Public Art

Until now the only public art in Rye known to this writer is a painting depicting our country’s first Supreme Court Chief Justice and early New York Governor, John Jay.

Published December 5, 2014 5:00 AM
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publicart-thUntil now the only public art in Rye known to this writer is a painting depicting our country’s first Supreme Court Chief Justice and early New York Governor, John Jay.

By Arthur Stampleman

train-artUntil now the only public art in Rye known to this writer is a painting depicting our country’s first Supreme Court Chief Justice and early New York Governor, John Jay. The painting is in the lobby of the Rye Post Office. It is John Jay at his Home by the early 20th century American artist, Guy Pene Du Bois. It was commissioned for the post office as part of the Depression-era WPA program and installed in 1938.

But just before this year’s election day, I encountered another example of public art that has been here since 2011. On that cold November day I went into the Rye railroad station to warm up from electioneering. I had not been in the station for some time so I was pleasantly surprised to find a striking mosaic mural along a wall of the station. It is a mural dedicated to the internationally recognized architect and designer Marcel Breuer, who designed the station that opened in 1959.

The mural is a composite representation of two-dozen examples of Breuer’s architectural projects and furniture designs. The images and colors in the mural are starkly geometric and striking, matching Breuer’s approach to design. As a student and then a faculty member at the Bauhaus in pre-WWII Germany, he first gained a reputation for designing modern furniture. After leaving Nazi Germany and settling in the United States his focus turned to architecture. Breuer’s numerous architectural phases included the white box and glass of the International style and the stone and shaped concrete that he used for New York’s Whitney Museum of Art.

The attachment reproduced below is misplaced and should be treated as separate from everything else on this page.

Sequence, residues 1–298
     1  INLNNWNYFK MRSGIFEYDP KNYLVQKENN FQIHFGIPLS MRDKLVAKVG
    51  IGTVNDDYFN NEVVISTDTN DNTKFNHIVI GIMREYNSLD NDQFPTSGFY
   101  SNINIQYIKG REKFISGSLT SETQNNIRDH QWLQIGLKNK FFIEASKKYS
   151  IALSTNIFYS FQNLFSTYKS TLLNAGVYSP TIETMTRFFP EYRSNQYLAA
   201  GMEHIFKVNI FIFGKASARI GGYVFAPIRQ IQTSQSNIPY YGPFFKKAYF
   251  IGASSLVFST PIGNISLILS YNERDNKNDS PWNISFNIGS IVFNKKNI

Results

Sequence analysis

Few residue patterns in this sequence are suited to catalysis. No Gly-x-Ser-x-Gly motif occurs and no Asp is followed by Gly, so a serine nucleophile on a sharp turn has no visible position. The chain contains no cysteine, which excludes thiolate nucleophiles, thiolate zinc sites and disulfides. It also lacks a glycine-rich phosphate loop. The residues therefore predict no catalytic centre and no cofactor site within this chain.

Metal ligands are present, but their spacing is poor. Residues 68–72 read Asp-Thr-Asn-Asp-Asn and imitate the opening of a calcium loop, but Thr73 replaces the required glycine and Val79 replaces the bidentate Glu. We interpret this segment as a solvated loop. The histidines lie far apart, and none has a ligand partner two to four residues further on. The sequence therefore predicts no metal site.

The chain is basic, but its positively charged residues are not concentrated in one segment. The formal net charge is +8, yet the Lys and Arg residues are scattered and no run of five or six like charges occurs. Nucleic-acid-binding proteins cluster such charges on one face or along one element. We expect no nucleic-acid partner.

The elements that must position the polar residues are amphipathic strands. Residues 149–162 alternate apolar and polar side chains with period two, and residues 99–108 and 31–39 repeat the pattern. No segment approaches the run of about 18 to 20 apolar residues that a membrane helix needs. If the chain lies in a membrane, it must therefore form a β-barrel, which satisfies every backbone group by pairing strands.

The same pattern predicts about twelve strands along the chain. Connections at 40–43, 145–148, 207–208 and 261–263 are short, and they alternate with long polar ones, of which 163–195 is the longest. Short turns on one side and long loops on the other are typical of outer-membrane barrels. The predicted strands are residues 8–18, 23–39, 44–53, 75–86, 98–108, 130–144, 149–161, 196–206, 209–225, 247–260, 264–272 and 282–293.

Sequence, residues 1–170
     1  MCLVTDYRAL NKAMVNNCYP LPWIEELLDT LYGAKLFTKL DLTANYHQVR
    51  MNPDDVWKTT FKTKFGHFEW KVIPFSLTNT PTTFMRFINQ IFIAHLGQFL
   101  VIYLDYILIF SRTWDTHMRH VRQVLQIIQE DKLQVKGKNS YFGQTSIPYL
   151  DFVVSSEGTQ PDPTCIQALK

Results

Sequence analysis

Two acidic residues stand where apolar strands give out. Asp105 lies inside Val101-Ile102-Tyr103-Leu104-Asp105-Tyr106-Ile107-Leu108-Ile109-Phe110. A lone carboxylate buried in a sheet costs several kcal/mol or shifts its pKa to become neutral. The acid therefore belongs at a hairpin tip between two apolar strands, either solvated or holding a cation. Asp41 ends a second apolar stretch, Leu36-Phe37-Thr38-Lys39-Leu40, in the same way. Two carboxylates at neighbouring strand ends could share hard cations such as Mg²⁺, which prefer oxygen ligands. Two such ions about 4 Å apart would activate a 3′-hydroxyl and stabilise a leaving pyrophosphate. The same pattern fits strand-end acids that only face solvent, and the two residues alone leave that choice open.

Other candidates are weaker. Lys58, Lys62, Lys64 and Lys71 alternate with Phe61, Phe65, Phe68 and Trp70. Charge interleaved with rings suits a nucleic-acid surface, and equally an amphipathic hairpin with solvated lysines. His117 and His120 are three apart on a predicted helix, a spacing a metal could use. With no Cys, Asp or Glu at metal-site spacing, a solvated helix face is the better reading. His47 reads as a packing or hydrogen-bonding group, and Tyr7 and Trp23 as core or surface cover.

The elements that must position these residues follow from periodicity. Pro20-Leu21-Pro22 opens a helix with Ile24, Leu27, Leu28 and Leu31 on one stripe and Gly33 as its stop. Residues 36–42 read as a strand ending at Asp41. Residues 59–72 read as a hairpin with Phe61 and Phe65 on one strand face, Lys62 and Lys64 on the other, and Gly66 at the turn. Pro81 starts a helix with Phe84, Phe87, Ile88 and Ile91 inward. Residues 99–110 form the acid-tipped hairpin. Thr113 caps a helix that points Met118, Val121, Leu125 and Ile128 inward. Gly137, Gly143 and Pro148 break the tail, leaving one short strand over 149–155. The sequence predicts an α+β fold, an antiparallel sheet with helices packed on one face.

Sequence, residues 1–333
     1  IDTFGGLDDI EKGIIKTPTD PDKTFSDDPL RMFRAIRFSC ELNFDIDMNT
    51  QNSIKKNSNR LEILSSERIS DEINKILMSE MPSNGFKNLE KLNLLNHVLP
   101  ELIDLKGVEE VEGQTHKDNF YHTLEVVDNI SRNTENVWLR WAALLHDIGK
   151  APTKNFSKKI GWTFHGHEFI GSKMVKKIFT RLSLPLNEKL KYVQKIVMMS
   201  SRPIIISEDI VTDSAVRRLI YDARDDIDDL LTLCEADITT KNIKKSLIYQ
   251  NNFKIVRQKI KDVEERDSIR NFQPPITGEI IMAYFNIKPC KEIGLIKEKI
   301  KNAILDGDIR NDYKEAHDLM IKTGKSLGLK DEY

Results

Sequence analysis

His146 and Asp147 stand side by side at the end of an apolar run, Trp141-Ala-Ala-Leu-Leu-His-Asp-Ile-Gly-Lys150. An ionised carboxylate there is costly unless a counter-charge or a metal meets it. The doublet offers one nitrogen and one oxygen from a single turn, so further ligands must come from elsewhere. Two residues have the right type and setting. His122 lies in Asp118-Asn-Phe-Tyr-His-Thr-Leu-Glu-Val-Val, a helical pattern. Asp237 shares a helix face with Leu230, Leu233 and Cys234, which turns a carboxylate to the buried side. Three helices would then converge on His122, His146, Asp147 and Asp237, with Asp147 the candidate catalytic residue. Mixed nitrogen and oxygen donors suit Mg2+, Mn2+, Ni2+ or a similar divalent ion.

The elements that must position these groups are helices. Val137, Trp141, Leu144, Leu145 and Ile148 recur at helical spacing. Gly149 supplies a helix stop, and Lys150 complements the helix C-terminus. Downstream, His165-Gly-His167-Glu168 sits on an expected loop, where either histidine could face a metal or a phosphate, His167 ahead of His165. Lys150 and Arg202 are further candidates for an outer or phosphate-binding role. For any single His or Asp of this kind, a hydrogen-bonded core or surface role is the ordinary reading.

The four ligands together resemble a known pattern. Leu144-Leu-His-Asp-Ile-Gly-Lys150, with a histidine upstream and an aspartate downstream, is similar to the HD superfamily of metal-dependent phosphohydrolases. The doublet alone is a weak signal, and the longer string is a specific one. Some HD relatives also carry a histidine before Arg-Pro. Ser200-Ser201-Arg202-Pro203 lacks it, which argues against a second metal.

We have to thank the following for the presence of the mural in Rye: Matt Mullican is the artist who designed it, Stephen Miotto of Miotto Mosaics in Carmel, who constructed it, and the Metropolitan Transit Authority’s MTA Arts & Design Department which commissioned it. The MTA’s Katherine Meehan explained that the MTA has some 240 public art works in its network of stations and other facilities — mosaics, sculptures, work in glass, paintings, and more. There is an annual program to add to their “collection,” and in 2011 it was Rye’s turn. They announced a contest for the design of a public artwork, which included a requirement that the design be site-specific for Rye. Four proposals were received and Mullican’s design was accepted.

Mullican is a contemporary artist with an international following. His work has been represented in exhibits at the Metropolitan Museum of Art, Tate Modern, Venice, and in an exhibit at MoMA last summer. Not easy to categorize, Mullican has been labeled a member of the Picture Generation, the group of artists famous for appropriating images initiated by others, and his work takes form as drawing, collage, rubbings, video, sculpture, and performance. He was born in California in 1951 and now divides his time between New York and Berlin.

mosaicMiotto Mosaics Art Studios Inc. specializes in artistic mosaics for public art programs. The firm has installed other mosaics for the MTA, as well as in U.S. Embassies in Romania and Serbia with more embassy commissions underway. The design and installation team consists of Stephen Moiotto and three associates.

The mosaic mural is made up of irregular-shaped yellow, gray, black, and white clay ceramic tiles that are about one-quarter inch square. They are applied to the wall using the paper-mounted indirect method. Mural artists first draws and paints the original art work in a small scale, which is then enlarged on paper to the desired size of the final mosaic. The paper is then flipped over, it is divided into several sections, and the faces of the tiles are glued to each section of the paper. Mortar is applied to the wall and the back of each section of tiles is placed on the mortar on the wall. When the mortar and back of the tiles are firmly together, the paper is removed and the mosaic is complete. The tile installation took about ten days. The Rye station building is open weekdays from 6:10 to 10:50 a.m. and 11:10 a.m. to 1:40 p.m.

If anyone knows of other public art in Rye, please let us know.

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